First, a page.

New Uses for Frogs

New Uses for Frogs

Now that I have your attention… *grin* (And if anyone catches the reference in the name of this thread I *shall* be surprised.)

This one is especially for all you multi-instumentalists out there, including those who play multiple instruments within a genre (ie both fiddle and viola, both whistle and flute, etc).
I Was practicing my harp the other day and playing with the differences in how to handle "The Britches" on fiddle versus harp; on fiddle it needs to be handled lightly and deftly, much the way an empty rowboat bobs up and down on the waves, but on harp it handles more fluidly, much like the waves themselves. I found I had "Bang Your Frog On The Sofa" stuck in my head, so I noodled that out too and discovered I was playing it as a mournful slow air ("The Frog’s Lament"?) instead of as a fast-ish reel.
So how many of you totally change your handling of a tune from one instrument to another, and how much of that is due to differences in how the instruments handle, and how much of it is due to the tune itself and/or the way a different instrument changes your understanding of the tune?

Points will be awarded for originality. Also for avoiding run-on sentence structures, as I did not. ;)


Re: New Uses for Frogs

1) The Icelandic Knocker Frog is unique in being the only animal on the planet, apart from man, that can make cheese on toast. They can also climb rope ladders, a skill that has proven invaluable over the years in helping them to escape from danger. You’re probably wondering why it’s called a ‘Knocker’ Frog. So am I. :|

2) In order to survive, the West African Hoofer Frog must devour twelve gazelles a day. Luckily it has the ability to stun its prey by performing a complex hypnotic dance routine, which has been likened to a combination of traditional Latin rumba and modern tap (kind of Michael Flatley thing). Gazelles can’t get enough of it, and while the victim stares transfixed at its strangely erotic gyrations, the frog’s mates creep up on it from behind and twat it with a rock. During the dry season food becomes scarce and the frog must travel many miles in search of victims. Luckily it is able to cover vast distances at speeds in excess of 70 mph, because it drives a Land Rover.

3) Frogs can jump ten times their own bodyweight.

4) The common bullfrog became an essential fashion accessory during the latter part of the nineteenth century, thanks to its natural elasticity. Ladies used them as chinstraps to secure expensive hats against strong winds, and a gentleman wouldn’t be considered properly dressed unless he was using a pair of bullfrog braces to prevent his strides from hitting the deck. Unfortunately, bullfrogs are prone to snap, unless they are kept damp, and this resulted in some nasty cases of ‘froglash’. They finally fell into disuse when it was discovered that you could use gerbils like Velcro.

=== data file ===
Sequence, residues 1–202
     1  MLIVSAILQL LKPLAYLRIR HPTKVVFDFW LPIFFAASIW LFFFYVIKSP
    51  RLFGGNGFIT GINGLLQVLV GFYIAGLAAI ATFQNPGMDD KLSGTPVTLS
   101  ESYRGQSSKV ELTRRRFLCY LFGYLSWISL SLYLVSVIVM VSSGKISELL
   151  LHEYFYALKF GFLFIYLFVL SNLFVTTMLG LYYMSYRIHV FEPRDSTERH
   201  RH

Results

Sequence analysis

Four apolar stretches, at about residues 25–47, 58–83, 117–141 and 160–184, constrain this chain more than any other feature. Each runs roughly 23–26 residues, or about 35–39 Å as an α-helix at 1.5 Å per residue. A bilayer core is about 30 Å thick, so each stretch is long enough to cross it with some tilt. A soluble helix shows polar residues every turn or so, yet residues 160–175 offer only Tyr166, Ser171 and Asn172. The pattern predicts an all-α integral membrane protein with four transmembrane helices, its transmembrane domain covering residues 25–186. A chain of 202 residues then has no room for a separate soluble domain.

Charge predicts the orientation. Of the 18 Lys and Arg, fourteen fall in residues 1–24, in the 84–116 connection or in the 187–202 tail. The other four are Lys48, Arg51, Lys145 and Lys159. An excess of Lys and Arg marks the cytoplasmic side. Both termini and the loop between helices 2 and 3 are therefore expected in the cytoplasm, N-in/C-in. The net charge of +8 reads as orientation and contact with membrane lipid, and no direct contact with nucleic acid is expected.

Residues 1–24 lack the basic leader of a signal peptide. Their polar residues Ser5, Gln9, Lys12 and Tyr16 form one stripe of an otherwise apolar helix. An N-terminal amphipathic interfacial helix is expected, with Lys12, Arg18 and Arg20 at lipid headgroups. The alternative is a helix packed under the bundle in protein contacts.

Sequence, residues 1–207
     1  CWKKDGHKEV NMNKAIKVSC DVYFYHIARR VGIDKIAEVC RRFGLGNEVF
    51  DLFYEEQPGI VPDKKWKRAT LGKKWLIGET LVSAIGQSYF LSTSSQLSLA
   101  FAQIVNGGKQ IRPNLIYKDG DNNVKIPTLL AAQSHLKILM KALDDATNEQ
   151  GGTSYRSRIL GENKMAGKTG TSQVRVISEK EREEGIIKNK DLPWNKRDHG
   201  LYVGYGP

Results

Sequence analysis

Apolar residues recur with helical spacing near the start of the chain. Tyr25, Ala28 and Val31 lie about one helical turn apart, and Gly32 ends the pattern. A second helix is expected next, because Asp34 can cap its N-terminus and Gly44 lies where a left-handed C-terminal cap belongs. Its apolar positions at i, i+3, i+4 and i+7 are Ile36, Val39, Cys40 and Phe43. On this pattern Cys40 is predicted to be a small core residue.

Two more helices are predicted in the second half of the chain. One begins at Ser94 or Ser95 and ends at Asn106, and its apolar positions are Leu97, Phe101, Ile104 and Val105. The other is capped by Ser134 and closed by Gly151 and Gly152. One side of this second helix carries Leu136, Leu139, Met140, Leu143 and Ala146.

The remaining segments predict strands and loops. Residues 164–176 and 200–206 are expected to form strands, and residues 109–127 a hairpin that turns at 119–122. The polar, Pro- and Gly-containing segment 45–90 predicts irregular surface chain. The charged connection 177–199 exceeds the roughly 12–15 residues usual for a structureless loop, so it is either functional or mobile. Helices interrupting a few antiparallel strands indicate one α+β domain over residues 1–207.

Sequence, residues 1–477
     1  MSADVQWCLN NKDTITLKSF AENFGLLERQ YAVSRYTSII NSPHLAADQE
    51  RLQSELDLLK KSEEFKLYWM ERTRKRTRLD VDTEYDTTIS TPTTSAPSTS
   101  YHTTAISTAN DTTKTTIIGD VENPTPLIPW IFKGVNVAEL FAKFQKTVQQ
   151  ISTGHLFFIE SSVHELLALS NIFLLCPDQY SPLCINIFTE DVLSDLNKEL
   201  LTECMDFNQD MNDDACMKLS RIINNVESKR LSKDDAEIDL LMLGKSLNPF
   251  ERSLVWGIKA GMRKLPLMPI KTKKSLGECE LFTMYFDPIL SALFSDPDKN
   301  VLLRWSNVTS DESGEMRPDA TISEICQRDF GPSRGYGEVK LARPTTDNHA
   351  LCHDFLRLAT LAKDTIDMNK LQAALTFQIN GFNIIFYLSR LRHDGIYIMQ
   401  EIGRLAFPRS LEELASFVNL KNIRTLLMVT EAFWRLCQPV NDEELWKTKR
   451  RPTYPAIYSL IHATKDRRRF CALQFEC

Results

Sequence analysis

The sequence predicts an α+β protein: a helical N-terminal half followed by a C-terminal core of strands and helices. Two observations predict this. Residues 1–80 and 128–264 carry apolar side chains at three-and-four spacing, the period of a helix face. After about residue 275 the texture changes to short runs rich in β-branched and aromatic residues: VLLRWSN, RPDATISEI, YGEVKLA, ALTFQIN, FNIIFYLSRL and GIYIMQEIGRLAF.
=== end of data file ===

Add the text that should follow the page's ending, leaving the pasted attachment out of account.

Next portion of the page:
5) The South American Toilet Frog can flush itself up to three times a day, without suffering any ill effects.

6) As a way of concealing itself from its enemies, the Slateback Frog of Germany and Northern Poland has developed the extraordinary ability to disguise itself as an abandoned factory unit. It’s a technique that works beautifully. Predators become confused and disorientated when, after giving chase for some distance, they suddenly find themselves cannoning into a large prefabricated building. In fact, the disguise works rather too well, and the Slateback Frog is now on the verge of extinction after whole colonies were demolished during industrial redevelopment projects in the Rhine Valley.

7) The biggest frog in the world is called Keith Baxter and he lives under a slab in Somerset. He is a mystic ninja who does crosswords in the morning and spends his afternoons dispensing wisdom to his fellow pond life.

8) The Speckled Ridgeback, which inhabits the small island of Looto in the Indian Ocean, subsists entirely on a diet of ants. A single Ridgeback will consume, on average, about two hundred and twenty ants a day. Bizarrely, the island cannot support any other form of life - just frogs and ants. This means that the ants are forced to subsist entirely on a diet of frogs. Of course, a single ant cannot pose much of a threat to a fully grown frog, but many ants working together are easily a match for the amphibians. It takes, on average, about two hundred and twenty ants to bring down a Speckled Ridgeback, and this will feed them for a day. This daily battle for survival between ant and frog has gone on for many hundreds of years, and neither side has managed to gain the upper hand. And it’s a stalemate that looks set to continue, until one side - either ant or frog - decides that it’s had enough, builds a raft and leaves the island for good.